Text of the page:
In 2008, Raeanna Paxton was offered a plea bargain to a stipulated sentence of 21 to 27 years or face a mandatory minimum sentence of life after trial in a case where she had acted as a driver for an individual pursuing a drug deal. Ms. Paxton took the deal and was sentenced to 21 years. Murray met Ms. Paxton at Waseca FCI in early 2016, after she had served approximately 10 years of this sentence. With Shuang Zu ’16, she submitted a clemency petition on Ms. Paxton’s behalf to President Obama. Thereafter, Murray reached out to Ms. Paxton’s sentencing judge, Hon. Robert Pratt, and asked him if he would write a letter in support of Ms. Paxton’s clemency petition. As the Washington Post article notes, in response to Murray’s request, Judge Pratt wrote a letter to Obama’s pardon attorney describing the sentence as “entirely disproportionate” to Ms. Paxton’s crime, adding that she “was and is a nonviolent offender. …This was not a conspiracy that involved ‘drug kingpins.’ It was a situation where methamphetamine-addicted individuals resorted to selling the drug to support their own addictions.” In August 2016, as the Washington Post article notes, “Ms. Paxton got a phone call telling her that Obama had granted her clemency.” It was Murray and Xu who made this call to her. Ms. Paxton has since remarried, and moved to Cheyenne, Wyoming, where she works at a factory assembling medical devices.

  • Prof. Frase Quoted in Hudson-Star Observer on Forces Behind Plea Bargains

    November 19, 2018

    Professor Richard Frase was quoted in the Hudson-Star Observer on the common rationale and conditions of plea bargains, and how sweet spots may be hit in the courts system—especially for first-time offenders—through deals that offer conditional outcomes and diversion agreements.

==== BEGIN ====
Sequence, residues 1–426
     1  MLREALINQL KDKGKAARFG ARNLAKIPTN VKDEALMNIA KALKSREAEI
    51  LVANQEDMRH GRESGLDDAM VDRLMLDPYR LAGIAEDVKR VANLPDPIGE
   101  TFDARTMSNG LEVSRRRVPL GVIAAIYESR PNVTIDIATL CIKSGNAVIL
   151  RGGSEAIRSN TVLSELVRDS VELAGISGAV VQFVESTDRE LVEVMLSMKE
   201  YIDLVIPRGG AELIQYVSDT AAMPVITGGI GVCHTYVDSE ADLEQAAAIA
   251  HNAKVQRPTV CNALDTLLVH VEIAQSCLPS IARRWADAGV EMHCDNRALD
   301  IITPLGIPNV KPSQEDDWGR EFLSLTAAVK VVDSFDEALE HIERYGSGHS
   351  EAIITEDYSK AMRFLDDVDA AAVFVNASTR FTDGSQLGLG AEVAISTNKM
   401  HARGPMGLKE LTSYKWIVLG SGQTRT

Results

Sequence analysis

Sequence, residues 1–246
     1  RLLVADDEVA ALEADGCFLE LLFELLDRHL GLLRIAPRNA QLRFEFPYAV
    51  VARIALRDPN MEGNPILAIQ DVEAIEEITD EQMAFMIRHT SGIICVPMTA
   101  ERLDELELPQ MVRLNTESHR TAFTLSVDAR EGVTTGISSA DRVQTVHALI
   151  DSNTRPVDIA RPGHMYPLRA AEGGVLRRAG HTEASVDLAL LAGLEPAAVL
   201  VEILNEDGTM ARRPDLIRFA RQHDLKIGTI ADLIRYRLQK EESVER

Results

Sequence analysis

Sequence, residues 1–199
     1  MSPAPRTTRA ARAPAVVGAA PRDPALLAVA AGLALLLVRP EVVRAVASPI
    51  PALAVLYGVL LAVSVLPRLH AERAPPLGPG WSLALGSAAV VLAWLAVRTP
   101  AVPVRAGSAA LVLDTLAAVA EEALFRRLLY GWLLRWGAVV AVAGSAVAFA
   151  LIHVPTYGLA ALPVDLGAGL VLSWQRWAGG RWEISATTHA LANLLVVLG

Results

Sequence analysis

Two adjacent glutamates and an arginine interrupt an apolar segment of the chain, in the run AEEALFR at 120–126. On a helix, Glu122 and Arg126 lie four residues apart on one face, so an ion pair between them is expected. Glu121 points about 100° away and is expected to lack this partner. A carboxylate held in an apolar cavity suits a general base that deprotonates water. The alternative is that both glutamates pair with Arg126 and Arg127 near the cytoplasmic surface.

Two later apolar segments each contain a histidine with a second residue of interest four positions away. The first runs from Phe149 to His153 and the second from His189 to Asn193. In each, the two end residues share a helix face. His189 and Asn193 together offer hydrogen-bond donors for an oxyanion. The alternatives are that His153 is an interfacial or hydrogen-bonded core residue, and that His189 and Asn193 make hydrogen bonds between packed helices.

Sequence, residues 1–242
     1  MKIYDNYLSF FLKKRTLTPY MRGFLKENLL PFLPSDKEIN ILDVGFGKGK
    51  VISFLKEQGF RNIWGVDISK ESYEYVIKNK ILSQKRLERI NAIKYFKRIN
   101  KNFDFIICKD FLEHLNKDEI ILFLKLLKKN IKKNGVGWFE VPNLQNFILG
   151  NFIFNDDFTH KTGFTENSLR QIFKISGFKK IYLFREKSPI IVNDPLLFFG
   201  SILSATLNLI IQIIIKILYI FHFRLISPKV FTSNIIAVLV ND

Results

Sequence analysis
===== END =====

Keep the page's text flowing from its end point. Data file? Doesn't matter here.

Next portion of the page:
• Prof. Kitrosser to Give Keynote Address at Annual Cline Symposium

    November 15, 2018

    Professor Kitrosser will give the keynote address at the annual Cline Symposium at the University of Illinois on November 29th. The Cline Center for Advanced Social Research has hosted the event for more than two decades. For the annual keynote, the Center “invites a prominent intellectual to address the campus community on a topic of great public significance.” Kitrosser will speak on “Democracy, the Separation of Powers and the Future of American Constitutionalism.” In addition to giving the keynote address, she will participate in a roundtable earlier in the day with several other professors from the university.

  • Prof. Meili Interviewed by Local NBC Affiliate Regarding Proposed Change in Birthright Citizenship

    October 31, 2018

    Professor Steve Meili was interviewed by KARE 11 television, NBC’s Minneapolis affiliate, on October 30 regarding President Trump’s intention to issue an Executive Order revoking birthright citizenship under the 14th Amendment. Professor Meili, who teaches immigration law and supervises the Immigration and Human Rights Clinic at the Law School, pointed out that it is well-settled law that the 14th Amendment confers citizenship on any person born in the United States, regardless of the immigration status of that person’s parents. In addition, any change to the  U.S. Constitution would need to be implemented through the normal constitutional amendment process rather than via Executive decree.

  • Prof. Hickman & Mark Thomson ’12 Cited By Federal District Court

    October 31, 2018

    Professor Kristin Hickman’s work with Mark Thomson ’12 on judicial review of agency rulemaking was cited by Judge James Browning in New Mexico Health Connections v. U.S. Dep’t of Health & Human Services, __ F.3d __, 2018 WL 5112912 (D.N.M. Oct. 19, 2018). In the article, Open Minds and Harmless Errors: Judicial Review of Post-Promulgation Notice and Comment, 101 Cornell L. Rev. 261 (2016), Hickman and Thomson documented and discussed judicial responses to agency procedural violations. In his opinion, having found that the agency action at issue violated procedural requirements, Judge Browning highlighted a lack of clarity in Tenth Circuit jurisprudence regarding vacatur of agency action as injunctive relief, declared his own view that remand without vacatur is an inappropriate remedy, and cited the Hickman and Thomson article as documenting issues raised by that remedy.

  • Prof. Hasday Discusses the Constitutional Basis for Birthright Citizenship on WCCO-TV

    October 31, 2018

    Professor Jill Hasday appeared in the “Good Question” segment on WCCO-TV News. She answered questions about the constitutional basis for birthright citizenship.